A Citizen of the World
I am not an Athenian or a Greek, but a citizen of the world.
Socrates, philosopher (469 - 399 B.C.E.)
The recent wave of suicides at the Foxconn manufacturing plant in China has served as an eye-opener to what life is like living in a factory culture. Proposed wage increases across Chinese factories have created a dialog in the U.S., addressing concerns about manufacturing practices, what wage increases will mean in terms of product costs, and the impact it will have on our economy. While the changes in China will impact our wallets, it’s a positive shift for the Asian working class. Perhaps it is one that should have happened a long time ago.
We are no longer citizens of a small-town economy. The people who manufacture our goods are, for the most part, a vast and faceless population. When local business drove the economy, you personally knew Tom the shoe maker and drank coffee with Joe the tailor. Today, it’s all too easy to cast aside the lives of the people building our products and driving our profits, because we will never see their faces and never know what their lives are like.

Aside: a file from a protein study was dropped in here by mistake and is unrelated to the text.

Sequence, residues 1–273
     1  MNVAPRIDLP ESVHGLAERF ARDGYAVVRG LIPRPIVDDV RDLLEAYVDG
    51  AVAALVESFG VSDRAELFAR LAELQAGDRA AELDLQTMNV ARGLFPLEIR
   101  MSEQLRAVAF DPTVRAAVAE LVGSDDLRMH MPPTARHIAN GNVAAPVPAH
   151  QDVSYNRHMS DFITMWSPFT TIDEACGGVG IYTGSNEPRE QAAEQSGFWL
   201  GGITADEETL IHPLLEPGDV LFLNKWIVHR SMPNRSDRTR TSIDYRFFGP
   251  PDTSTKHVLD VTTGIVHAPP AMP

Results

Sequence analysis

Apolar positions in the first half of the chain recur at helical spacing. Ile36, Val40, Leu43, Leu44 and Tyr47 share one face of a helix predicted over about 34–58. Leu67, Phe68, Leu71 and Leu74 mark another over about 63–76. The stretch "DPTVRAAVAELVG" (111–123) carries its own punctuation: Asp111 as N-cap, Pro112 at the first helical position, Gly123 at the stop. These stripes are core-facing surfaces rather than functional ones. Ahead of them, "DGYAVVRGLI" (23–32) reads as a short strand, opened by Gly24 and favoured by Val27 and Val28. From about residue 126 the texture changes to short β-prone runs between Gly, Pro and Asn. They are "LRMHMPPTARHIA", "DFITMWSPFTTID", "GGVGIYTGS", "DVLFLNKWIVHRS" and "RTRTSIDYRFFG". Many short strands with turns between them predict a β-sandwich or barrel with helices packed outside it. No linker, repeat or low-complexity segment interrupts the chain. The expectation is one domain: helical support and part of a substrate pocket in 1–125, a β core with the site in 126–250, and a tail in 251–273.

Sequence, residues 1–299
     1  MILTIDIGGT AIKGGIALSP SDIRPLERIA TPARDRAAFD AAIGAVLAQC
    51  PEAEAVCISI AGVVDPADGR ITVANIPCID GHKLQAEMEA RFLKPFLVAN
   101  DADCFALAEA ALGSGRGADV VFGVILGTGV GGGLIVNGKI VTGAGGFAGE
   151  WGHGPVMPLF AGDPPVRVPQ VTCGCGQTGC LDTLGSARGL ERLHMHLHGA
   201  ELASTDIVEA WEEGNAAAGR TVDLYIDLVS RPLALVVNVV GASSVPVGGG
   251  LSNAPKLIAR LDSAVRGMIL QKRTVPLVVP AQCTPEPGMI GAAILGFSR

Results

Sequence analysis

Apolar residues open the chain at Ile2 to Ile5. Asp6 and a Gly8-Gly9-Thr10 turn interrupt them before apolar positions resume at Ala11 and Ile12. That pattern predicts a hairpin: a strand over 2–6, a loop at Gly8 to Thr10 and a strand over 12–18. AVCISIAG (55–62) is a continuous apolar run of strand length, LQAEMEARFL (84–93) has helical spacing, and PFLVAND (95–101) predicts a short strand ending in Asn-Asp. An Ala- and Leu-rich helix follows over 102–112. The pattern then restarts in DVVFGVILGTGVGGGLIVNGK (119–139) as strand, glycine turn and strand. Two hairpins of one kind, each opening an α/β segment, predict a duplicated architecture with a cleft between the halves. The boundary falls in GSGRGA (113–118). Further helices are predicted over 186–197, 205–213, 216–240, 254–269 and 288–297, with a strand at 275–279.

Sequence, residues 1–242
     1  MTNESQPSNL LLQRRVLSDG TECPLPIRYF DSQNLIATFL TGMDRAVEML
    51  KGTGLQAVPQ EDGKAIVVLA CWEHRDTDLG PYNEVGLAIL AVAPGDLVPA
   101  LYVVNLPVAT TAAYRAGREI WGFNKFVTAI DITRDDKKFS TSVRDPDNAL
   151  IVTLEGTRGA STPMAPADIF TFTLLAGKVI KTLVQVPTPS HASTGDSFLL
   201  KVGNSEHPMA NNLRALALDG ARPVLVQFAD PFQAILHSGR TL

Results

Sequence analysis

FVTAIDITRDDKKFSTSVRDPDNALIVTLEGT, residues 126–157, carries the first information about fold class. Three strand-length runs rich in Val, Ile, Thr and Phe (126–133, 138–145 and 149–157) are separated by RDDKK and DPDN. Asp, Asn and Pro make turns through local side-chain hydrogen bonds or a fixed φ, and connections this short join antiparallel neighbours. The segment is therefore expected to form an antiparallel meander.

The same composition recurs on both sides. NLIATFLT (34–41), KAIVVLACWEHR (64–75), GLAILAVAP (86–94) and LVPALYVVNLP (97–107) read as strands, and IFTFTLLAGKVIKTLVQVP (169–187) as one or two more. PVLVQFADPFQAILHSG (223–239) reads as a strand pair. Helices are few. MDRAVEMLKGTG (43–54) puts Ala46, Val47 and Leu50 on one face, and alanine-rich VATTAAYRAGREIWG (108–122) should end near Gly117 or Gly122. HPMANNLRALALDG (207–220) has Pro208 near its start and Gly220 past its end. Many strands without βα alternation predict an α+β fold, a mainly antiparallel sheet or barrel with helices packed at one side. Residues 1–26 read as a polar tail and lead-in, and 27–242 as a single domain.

Many in the U.S. have resented the perceived edge China has in manufacturing, leading to indifference toward social responsibility in the Far East. This perception is challenged on the website of Helen H. Wang, author of The Chinese Dream, in a post titled “Myth of China’s Manufacturing Prowess.” As Wang astutely points out, “There is a key misconception about China’s manufacturing prowess. In the United States and Europe, the manufacturing industry was created due to technology innovation. In China, the manufacturing industry is being created in response to global demand. Chinese manufacturers take orders from Western companies. ... They have no involvement with product development, innovation, market research and even packaging. Chinese manufacturers have no experience in bringing their own products to overseas markets.”